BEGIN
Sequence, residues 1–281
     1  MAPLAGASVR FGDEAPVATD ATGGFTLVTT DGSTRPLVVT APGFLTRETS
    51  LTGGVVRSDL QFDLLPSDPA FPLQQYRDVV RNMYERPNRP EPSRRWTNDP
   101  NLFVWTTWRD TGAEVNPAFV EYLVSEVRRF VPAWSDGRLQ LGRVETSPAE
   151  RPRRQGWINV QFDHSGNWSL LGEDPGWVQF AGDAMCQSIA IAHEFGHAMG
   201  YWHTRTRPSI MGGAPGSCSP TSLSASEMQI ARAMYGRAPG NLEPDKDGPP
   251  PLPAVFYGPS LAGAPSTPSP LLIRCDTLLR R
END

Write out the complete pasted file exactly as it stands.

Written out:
Sequence, residues 1–281
     1  MAPLAGASVR FGDEAPVATD ATGGFTLVTT DGSTRPLVVT APGFLTRETS
    51  LTGGVVRSDL QFDLLPSDPA FPLQQYRDVV RNMYERPNRP EPSRRWTNDP
   101  NLFVWTTWRD TGAEVNPAFV EYLVSEVRRF VPAWSDGRLQ LGRVETSPAE
   151  RPRRQGWINV QFDHSGNWSL LGEDPGWVQF AGDAMCQSIA IAHEFGHAMG
   201  YWHTRTRPSI MGGAPGSCSP TSLSASEMQI ARAMYGRAPG NLEPDKDGPP
   251  PLPAVFYGPS LAGAPSTPSP LLIRCDTLLR R